The pandemic has exacerbated an existing issue for Europe's housing market, with prices rising rapidly across the bloc.
Accommodation is becoming more and more expensive in Europe, to the point that demonstrators have taken to the streets in cities such as Berlin.
Residential property prices continued to climb during the health crisis, driven by new demand for space from some households.
In the euro area, house and apartment prices rose 6.2% in the first quarter compared to a year earlier, the highest increase since mid-2007, according to the European Central Bank (ECB).
Why are the prices going up?
The European statistical agency Eurostat has observed an increase of almost 30% in the purchase prices of housing in Europe since 2015.
"We are not building enough to meet needs," economist Sandrine Levasseur, a specialist in European issues and housing at the French Observatory of Economic Conditions, told AFP.
The increase is therefore particularly significant in a small country like Luxembourg, which observed an increase of 17% over one year in the first quarter of 2021.
The pandemic has exacerbated the problem: lockdowns have stopped construction, while the sector continues to experience supply difficulties and delays.
At the same time, many households locked in apartments during confinement felt the need to live in larger spaces, outside of metropolitan areas.
Those who had "high incomes or worked in sectors where teleworking was easier" were able to take the plunge and move home, Marissa Plouin, analyst of public housing policies at the OECD, told AFP.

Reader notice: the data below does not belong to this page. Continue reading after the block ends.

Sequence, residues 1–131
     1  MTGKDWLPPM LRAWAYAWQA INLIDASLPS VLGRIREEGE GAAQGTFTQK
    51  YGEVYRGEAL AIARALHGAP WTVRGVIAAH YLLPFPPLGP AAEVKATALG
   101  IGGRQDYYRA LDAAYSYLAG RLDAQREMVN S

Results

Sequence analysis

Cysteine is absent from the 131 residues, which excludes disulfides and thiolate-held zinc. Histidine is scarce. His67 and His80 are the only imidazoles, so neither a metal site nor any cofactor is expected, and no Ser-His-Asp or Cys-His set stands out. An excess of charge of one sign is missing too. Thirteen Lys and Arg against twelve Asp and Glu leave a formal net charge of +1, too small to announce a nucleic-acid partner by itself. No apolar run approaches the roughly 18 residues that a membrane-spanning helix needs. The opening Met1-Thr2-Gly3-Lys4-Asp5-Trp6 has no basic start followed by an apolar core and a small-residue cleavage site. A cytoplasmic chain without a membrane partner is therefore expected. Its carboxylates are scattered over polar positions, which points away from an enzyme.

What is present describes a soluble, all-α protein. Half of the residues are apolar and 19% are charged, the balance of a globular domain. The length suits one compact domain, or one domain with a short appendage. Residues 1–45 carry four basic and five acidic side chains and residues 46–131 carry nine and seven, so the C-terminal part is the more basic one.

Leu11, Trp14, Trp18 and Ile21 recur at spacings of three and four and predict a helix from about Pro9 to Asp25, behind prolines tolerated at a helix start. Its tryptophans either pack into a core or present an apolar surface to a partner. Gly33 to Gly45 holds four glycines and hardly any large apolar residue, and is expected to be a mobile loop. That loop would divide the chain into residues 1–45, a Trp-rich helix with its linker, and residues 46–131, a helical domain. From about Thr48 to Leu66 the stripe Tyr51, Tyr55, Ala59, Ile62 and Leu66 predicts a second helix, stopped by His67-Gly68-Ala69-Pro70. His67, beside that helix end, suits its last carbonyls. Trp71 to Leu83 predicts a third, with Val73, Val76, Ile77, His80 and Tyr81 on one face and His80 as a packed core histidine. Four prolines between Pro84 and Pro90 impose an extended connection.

Driven by historically low mortgage rates, demand changed "suddenly", she continues, and pushed up prices.
In 2020, the ECB also observed a price increase in capital cities 0.7 points lower than that of the euro zone as a whole, whereas previously it was always higher. It explains it by "a natural deceleration" of already very high prices, or "shifts in demand towards areas located outside the capitals".
In Paris for example, the price of housing showed little change over one year in the second quarter, while it increased by 7% in the regions, according to data.
Are rents following the same trend?
While purchase prices have skyrocketed in recent years, rents are showing a regular and smaller increase.
"There is always a delay effect of several years that is difficult to explain", says Ms. Levasseur.
With the health crisis, this delay has further accentuated. "This is probably partly linked to temporary measures put in place by some governments, such as rent freezes or eviction bans," explains Ms. Plouin.
Luxembourg in particular froze rents until 30 June, while Greece allowed workers whose contracts had been suspended to pay only 60% of their rent. Austria, Belgium, Italy and the Czech Republic have temporarily banned evictions.
"These are emergency measures. There is a risk of falling from the top when they will begin to be abolished, while many households have not yet recovered from the economic shock of the pandemic," warns Ms. Plouin.
Barbara Steenbergen, member of the executive committee of the International Union of Tenants (IUT), fears "an outright social crisis".
As early as March, several hundred people demonstrated in several cities in Spain to demand a law that would regulate rents.
And thousands of Berliners marched on September 11 to protest against rising rents, two weeks before a referendum to expropriate large real estate companies in the German capital, accused of encouraging speculation and pushing up prices.
For Barbara Steenbergen, the situation in Berlin bears witness to a more general problem in Europe: "There is a massive concentration of these large owners on the European market, which gives them power, and in particular that of setting prices."
Faced with the uncertainty of the health crisis, many investors have turned to stone, considered a safe bet, notes the ECB.
And with telecommuting reducing the demand for office space, many large investors have turned to residential real estate.
The economist Sandrine Levasseur does not however believe in the hypothesis of a real estate bubble. "It's very specific to Berlin," she argues, referring to the historically low prices and the high rate of tenants (80%) in the German capital.